Every spring, there is a brief window between Washington State Department of Transportation starting to plow Highway 20 and opening it to car traffic during which the road becomes a cyclist’s paradise. For a few sweet weekends at the end of April and beginning of May, you can ride with no cars and barely another soul around from the west-side closure gate nearly 23 miles up to Rainy Pass or the east-side closure gate 8 miles up to Washington Pass and beyond.
Riding a car-free North Cascades Highway has been on my cycling bucket list for several years now. A beautiful, challenging ride past raging rivers, expansive lakes, towering mountains, and lush green forests is wildly appealing on its own. To do a mountainside ciclovia without concern for passing cars or a need to stay in the shoulder is the dream. This year I was determined to check the ride off my list.
As early as March, I became a regular on the WSDOT website’s North Cascades plowing progress page and a devotee to their daily email updates. The goal is to do the ride on the last weekend before they open it to cars so that you can ride as much road as possible. I recruited six friends to join me on the ride (not a difficult pitch, it turns out). We decided on Sunday, May 4 and made plans for an early departure from Seattle.
We left the city at 7:30 and headed towards Newhalem, a tiny Seattle City Light company town on the North Cascades Highway, 12 miles west of the highway closure gate. After a quick change of clothing and final survey of gear, we set out from Newhalem under gray, foreboding skies.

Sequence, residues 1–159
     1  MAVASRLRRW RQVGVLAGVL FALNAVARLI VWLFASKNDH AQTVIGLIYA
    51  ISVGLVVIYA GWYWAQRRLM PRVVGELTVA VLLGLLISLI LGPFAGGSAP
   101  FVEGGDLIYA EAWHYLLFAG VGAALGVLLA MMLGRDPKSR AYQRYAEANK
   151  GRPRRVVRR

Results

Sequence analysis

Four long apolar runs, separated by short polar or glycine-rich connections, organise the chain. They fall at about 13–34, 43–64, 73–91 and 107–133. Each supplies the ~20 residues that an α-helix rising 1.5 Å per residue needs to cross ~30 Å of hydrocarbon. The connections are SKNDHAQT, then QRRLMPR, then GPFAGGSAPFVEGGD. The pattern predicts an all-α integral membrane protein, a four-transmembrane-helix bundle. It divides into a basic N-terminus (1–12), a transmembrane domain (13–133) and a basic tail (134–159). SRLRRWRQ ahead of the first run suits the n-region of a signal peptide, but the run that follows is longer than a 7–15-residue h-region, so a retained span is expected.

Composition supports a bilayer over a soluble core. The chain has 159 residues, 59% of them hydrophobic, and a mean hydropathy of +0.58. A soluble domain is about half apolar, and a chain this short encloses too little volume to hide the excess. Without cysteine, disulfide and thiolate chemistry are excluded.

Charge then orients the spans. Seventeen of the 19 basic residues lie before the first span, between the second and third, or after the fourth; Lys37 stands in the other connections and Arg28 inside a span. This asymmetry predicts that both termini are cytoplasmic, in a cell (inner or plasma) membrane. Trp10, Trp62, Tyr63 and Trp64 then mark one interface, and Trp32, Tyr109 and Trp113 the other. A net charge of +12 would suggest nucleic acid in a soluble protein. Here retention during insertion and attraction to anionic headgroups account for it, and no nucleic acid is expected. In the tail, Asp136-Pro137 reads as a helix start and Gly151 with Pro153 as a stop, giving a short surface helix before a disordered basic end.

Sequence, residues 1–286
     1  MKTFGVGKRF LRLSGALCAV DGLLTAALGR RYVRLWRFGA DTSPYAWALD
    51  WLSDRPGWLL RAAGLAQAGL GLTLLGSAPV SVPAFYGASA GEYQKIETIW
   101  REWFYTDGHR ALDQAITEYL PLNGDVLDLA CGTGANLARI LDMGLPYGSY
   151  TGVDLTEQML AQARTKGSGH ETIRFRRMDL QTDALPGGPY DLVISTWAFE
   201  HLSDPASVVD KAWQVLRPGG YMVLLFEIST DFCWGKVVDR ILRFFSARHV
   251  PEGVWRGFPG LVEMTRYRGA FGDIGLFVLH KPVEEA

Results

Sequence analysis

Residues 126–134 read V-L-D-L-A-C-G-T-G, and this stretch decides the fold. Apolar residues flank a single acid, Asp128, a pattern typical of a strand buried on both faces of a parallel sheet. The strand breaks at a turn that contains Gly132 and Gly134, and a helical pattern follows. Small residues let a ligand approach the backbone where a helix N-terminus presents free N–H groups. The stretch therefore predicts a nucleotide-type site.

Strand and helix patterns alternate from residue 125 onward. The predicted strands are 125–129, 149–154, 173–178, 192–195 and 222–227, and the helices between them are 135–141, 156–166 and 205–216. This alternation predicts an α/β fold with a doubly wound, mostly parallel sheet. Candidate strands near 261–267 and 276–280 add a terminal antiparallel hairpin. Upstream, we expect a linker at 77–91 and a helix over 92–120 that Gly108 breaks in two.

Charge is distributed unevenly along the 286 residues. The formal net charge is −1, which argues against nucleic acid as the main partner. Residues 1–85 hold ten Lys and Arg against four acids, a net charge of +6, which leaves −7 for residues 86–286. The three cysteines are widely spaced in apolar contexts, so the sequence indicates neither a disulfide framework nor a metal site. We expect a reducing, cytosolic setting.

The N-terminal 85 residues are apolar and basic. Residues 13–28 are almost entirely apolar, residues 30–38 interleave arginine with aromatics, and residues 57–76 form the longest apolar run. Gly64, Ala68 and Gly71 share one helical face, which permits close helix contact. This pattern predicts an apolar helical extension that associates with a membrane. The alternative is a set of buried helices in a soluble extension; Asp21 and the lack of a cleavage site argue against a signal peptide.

The scenery along 20 is stunning from the get go. Leaving Newhalem, the bright-green foothills of the Cascades spanned our field of vision—a preview of the climb that lay ahead. The road takes you past Gorge Lake, then Diablo Lake, then Ross Lake, all man-made reservoirs created by dams on the Skagit River, but nonetheless beautiful, framed by mountains on all sides. Above the lakes, the Skagit was a raging, brown torrent spilling down the pass, unfettered by human interference.
As we made our way to the closure gate it seemed as though the forecasted 100 percent chance of rain might not materialize. But just 45 minutes into the ride, the skies opened up and shifted from back and forth from steady drizzle to pounding rain the rest of the day. On the bright side, the downpours buoyed the dozens of snowmelt waterfalls and creeks cascading off of the hillsides along the road.
The ride to Rainy Pass is never terribly steep. If you believe Strava, it is a 2- to 6-percent grade the whole way to the top. There are even several multi-mile sections of downhills and plateaus on the way up. Mostly it’s just a steady, seated grind for hours and hours. I found myself shifting into a harder gear at times just to stand and climb for a little variety (and a little reprieve for my tired butt).